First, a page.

The 2018 season is almost one month old, and here's where things stood for the Texas Rangers entering their off day Thursday:
They were 9-17, in last place in the American League West, already eight games behind the Houston Astros and 6 1/2 games out in the wild-card race.
Their 4-12 record at Globe Life Park is tied for the worst 16-game start in franchise history.
The Rangers' offense is batting .231 and was 22nd in Major League Baseball in runs scored. Their opponents were batting .275, and only one team in baseball had allowed more runs.
The season isn't going to stop and wait for the Rangers to get healthy or get better. No other teams feel sorry for them. In fact, they probably all want to play the Rangers right now.
The Rangers are going to play, beginning again Friday night at Toronto. They know they are in survival mode until Beltre and Andrus return.
How are they going to do that? Good question.
"It's a matter of us just playing within ourselves and being as smart as possible," left-hander Cole Hamels said. "Sometimes you have the freak injuries. Injuries happen. They're part of the game. Unfortunately, we've hard our fair share."
The rotation, headed by Hamels, is the key. That's the case when every player is healthy, but especially so when the offense has been ripped apart by injuries and is filled with rookies.
The Rangers' rotation showed improvement the last time through, posting a 3.81 ERA over the six-game home stand. The starters opened the home stand with a 5.33 ERA through the first 20 games but managed to get it under 5.00 at 4.96.
But the bullpen let the Rangers down. The relievers allowed 19 runs (18 earned) over the first five games before logging a sparkling 4 1/3 scoreless inning Wednesday to avoid a three-game sweep to the Oakland A's.
That, coupled with a full day's rest Thursday, could serve to recharge a bullpen that is second in the AL in innings pitched.
"I think so," manager Jeff Banister said. "The ability to get those guys out there and off the field in positive situations I believe goes a long way to getting them back on track physically and mentally."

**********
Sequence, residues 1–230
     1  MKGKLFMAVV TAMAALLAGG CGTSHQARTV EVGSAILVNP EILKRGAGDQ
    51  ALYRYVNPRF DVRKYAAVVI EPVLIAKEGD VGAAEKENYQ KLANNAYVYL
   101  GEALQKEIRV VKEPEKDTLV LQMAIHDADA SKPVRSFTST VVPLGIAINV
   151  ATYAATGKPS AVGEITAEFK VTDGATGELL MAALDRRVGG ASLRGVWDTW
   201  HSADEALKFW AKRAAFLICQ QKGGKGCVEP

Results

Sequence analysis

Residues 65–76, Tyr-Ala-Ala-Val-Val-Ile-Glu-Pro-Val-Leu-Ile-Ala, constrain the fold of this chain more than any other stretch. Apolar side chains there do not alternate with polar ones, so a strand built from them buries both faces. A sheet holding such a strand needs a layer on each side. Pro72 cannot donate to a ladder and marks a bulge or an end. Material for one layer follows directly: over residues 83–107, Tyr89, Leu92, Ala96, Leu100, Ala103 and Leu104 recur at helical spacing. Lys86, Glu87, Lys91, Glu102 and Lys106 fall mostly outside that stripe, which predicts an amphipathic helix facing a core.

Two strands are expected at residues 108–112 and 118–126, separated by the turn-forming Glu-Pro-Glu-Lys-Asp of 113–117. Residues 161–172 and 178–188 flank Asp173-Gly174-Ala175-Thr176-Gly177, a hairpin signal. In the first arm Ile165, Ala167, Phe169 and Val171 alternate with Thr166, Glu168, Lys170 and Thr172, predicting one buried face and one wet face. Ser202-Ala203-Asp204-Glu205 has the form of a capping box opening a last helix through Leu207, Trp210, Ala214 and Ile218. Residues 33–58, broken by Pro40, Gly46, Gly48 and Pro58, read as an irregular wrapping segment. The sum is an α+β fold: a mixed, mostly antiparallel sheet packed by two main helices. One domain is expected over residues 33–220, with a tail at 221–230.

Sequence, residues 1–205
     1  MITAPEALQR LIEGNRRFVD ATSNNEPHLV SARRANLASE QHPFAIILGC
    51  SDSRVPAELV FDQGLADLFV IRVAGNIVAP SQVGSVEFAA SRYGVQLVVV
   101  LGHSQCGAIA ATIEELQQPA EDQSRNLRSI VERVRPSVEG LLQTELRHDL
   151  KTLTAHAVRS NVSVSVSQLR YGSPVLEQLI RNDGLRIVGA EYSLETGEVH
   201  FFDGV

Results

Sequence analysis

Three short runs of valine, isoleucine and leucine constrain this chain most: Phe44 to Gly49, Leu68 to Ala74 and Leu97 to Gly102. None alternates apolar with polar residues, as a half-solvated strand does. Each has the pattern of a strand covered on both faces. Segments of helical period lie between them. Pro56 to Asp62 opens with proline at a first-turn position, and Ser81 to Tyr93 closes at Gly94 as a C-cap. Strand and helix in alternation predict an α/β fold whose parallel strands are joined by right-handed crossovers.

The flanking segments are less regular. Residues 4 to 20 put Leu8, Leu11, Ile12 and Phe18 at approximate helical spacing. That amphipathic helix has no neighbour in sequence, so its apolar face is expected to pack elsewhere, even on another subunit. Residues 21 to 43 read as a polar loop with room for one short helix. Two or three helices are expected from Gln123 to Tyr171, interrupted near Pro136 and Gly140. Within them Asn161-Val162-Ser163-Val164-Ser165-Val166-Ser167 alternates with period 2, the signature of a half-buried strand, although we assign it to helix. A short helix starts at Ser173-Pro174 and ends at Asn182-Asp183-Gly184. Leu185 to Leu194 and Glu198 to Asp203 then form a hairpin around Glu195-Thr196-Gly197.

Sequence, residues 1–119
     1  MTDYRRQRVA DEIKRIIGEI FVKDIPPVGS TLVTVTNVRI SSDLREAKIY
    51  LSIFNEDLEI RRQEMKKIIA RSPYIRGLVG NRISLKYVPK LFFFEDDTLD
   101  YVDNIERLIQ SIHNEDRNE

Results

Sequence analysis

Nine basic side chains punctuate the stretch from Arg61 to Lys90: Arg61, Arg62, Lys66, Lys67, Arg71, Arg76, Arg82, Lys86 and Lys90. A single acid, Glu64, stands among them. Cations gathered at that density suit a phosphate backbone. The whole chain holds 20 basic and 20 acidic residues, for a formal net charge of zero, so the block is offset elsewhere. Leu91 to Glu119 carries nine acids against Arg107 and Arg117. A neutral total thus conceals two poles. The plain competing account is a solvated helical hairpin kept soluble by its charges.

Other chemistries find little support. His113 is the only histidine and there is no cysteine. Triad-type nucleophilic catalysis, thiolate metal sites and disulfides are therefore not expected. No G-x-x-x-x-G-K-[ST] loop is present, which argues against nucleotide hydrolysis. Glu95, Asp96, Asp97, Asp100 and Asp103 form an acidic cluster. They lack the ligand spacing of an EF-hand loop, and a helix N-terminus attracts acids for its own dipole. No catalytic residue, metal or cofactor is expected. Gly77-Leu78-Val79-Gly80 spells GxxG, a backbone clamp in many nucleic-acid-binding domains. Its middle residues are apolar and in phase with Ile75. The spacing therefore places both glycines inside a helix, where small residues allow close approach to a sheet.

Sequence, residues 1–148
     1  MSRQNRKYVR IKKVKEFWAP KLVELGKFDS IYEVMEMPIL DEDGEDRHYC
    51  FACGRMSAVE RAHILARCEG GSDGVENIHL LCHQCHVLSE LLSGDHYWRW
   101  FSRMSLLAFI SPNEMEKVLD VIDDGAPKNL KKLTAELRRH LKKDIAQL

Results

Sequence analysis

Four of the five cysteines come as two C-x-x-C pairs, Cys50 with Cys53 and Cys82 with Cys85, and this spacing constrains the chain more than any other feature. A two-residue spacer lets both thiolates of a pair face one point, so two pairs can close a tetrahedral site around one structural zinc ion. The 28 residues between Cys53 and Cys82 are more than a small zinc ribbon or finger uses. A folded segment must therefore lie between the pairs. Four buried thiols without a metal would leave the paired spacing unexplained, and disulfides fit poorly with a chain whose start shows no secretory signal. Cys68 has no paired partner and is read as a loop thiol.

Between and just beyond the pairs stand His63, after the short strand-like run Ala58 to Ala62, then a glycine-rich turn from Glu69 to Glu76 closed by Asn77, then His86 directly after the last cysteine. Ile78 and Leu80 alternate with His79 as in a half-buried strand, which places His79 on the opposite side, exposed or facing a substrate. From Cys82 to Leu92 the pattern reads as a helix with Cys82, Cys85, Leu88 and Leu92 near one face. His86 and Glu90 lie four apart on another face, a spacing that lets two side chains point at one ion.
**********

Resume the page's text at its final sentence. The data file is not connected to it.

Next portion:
The pitching staff will be working with little margin for error as the offense navigates the speed bumps often encountered by rookies. The top of the order is in good hands with Delino DeShields and Shin-Soo Choo, a 1-2 combination that at times in past seasons as been a catalyst.
Joey Gallo is showing more and more awareness at the plate, using all fields, drawing walks and striking out less. Nomar Mazara drove in 101 runs in 2017 and will be filling the cleanup spot while Beltre is out.
And Gallo, 24, and Mazara, 23, are relative veterans in the lineup now. The good news is that rookies Isiah Kiner-Falefa and Ronald Guzman have delivered during their initial big-league stints.
They have driven in 12 runs, including one apiece in the 4-2 victory Wednesday. Kiner-Falefa's two-out single in the fifth put the Rangers ahead, and Guzman's eighth-inning triple gave closer Keone Kela some breathing room in the ninth.
It was the Rangers' first triple of the season and snapped a club-record 47 games without one.
The young players must produce while Beltre and Andrus are recovering if the Rangers are to survive this stretch without them.
"I knew how it was when I first came up, and I know it's tough when you're struggling or if you make an error," Gallo said. "I just tell them to keep their head up and they're going to help us later on win a game. We're like a brotherhood. We've been playing with each other so long it's just second nature for us. We're just going to go out and compete every night."